Otherwise known as “equitable distribution,” it’s important to note that the judge in your divorce case will divide all marital property based on principles of fairness.

For example, real estate, vehicles, savings accounts, retirement accounts, debts, and even the business that’s been in your family for generations are all fair game.

Most property is considered to be shared, and deciding whether to sell or negotiate the terms of who gets what can become costly, time-consuming, and rather unpleasant for both parties.

4. You Children will get their Own Lawyer

If your child is too young to make legally binding decisions on their own, the court may appoint an attorney called a guardian ad litem to promote their interests in court.

Their sole purpose is to seek and protect the best interest of the children involved. The guardian acts as legal counsel independent of either parent. Their job is to present an unbiased defense of the minors, their needs, and overall well-being.

5. Remarriage Rates for Men and Women are Generally Equal

According to the U.S. Census Bureau, there is little disparity between genders in terms of remarriage. The rate of remarriage is balanced between men and women in first, second, and third marriages.

However, a 2009 study shows that women are over 4% more likely to be widowed than men.

6. Mature Marriages are Happy Marriages

Believe it or not, divorce rates are actually decreasing nationally.

As data shows, both men and women are marrying later in life, leading to more mature marriages and fewer divorce rates overall. The median age for men to marry has risen from 23 to 27, and from 20 to 26 for women.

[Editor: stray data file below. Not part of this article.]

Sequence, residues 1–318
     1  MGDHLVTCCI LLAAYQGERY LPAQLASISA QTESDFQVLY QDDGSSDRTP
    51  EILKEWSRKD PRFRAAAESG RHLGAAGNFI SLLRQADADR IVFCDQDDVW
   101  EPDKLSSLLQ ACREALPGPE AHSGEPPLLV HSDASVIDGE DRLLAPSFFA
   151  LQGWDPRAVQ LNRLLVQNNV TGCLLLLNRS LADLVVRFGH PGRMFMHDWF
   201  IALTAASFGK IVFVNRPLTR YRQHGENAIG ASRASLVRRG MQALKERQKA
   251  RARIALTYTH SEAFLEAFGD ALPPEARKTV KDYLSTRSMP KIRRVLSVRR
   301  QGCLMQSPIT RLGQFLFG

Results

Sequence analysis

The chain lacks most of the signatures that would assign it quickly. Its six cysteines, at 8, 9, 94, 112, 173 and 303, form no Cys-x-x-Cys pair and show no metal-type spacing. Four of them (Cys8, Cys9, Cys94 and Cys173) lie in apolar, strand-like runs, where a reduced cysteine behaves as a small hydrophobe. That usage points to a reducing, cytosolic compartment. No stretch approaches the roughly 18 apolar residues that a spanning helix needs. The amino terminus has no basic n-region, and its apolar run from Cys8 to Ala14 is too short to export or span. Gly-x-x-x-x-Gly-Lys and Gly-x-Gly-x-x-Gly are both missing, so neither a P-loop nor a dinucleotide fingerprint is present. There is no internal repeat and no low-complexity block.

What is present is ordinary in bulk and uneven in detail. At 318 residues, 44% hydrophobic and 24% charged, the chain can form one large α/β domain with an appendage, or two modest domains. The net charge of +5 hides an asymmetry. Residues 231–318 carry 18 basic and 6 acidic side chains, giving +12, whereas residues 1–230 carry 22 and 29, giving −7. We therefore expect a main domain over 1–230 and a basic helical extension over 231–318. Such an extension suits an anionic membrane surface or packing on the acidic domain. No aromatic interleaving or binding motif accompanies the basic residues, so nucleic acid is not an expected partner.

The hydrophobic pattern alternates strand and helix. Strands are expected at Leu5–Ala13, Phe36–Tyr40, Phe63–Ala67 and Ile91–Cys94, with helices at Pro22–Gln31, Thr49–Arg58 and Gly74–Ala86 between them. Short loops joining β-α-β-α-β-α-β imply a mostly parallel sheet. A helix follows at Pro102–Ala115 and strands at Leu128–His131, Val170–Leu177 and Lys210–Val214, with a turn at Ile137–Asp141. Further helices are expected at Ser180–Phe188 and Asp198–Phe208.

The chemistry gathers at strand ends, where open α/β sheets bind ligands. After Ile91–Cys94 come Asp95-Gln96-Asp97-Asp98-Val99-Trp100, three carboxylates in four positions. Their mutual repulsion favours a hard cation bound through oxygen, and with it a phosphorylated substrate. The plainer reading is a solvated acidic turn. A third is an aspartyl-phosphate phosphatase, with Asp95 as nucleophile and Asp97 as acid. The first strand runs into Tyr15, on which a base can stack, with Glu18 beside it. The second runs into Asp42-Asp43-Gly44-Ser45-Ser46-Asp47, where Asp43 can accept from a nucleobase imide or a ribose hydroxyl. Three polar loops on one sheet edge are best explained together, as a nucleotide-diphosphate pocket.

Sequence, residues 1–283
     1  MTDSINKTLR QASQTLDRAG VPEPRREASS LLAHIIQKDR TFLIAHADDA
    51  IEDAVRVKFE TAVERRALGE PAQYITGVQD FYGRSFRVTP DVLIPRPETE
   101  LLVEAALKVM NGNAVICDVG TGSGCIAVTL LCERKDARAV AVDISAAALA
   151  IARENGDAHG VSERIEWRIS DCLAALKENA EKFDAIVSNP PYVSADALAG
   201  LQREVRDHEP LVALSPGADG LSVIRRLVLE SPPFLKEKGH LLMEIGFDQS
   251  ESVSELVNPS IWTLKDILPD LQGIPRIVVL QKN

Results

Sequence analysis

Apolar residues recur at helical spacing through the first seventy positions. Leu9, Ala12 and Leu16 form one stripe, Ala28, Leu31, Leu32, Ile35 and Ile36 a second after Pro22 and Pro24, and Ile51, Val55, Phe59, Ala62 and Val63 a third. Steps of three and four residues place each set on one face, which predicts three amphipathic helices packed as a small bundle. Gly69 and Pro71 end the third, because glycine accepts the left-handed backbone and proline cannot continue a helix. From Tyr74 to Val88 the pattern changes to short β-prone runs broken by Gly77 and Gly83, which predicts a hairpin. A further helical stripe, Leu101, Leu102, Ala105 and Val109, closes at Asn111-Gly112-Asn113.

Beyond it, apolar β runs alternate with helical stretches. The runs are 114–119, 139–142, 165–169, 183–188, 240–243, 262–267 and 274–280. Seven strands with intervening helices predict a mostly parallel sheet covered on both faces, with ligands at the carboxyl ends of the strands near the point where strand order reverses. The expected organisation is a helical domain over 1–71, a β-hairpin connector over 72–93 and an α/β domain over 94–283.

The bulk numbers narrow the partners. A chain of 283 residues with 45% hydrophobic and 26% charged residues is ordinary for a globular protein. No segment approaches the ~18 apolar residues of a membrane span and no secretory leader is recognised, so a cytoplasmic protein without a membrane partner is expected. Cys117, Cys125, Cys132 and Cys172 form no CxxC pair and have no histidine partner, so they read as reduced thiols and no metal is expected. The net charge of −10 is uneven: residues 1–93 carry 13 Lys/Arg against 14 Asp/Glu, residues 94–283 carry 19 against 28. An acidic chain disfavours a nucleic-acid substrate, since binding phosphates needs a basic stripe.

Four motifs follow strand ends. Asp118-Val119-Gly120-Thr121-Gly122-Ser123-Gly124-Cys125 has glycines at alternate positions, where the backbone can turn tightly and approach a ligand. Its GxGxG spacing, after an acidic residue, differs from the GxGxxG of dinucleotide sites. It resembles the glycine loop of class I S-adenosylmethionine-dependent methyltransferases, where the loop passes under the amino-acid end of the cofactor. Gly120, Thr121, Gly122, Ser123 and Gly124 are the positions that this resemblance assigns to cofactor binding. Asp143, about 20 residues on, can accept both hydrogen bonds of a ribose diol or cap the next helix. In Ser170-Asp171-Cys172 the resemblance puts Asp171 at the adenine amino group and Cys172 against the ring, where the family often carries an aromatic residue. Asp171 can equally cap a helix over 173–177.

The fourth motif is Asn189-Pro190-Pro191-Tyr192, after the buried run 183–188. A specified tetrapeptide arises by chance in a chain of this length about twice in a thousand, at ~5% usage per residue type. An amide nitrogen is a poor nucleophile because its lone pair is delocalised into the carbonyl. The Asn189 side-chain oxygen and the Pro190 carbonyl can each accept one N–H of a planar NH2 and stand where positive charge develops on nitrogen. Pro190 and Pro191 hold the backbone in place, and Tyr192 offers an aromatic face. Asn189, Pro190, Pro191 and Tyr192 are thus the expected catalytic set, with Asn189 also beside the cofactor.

Overall, marrying later has resulted in a decrease in divorce statistics.

7. Only One U.S. President has Divorced

Editor’s Note: This is no longer true.

Presidential icon Ronald Reagan divorced from his wife of eight years, actress Jane Wyman. Together, the pair had a daughter and an adopted son.

He remarried to actress Nancy Davis, who was also previously married. They shared two children and remained married for the remainder of their lives.

8. Almost 50% of Divorcees Regret their Decision to Divorce

A UK study found that 54% of people questioned their decision to end the marriage, while others reported feelings of remaining love or affection for their ex-partners.

42% have considered giving their ended marriages another try, and in those that did try again, 21% remained together.

What’s more: nearly half of those who decided to renew their relationship reported feeling happier and stronger in their partnership.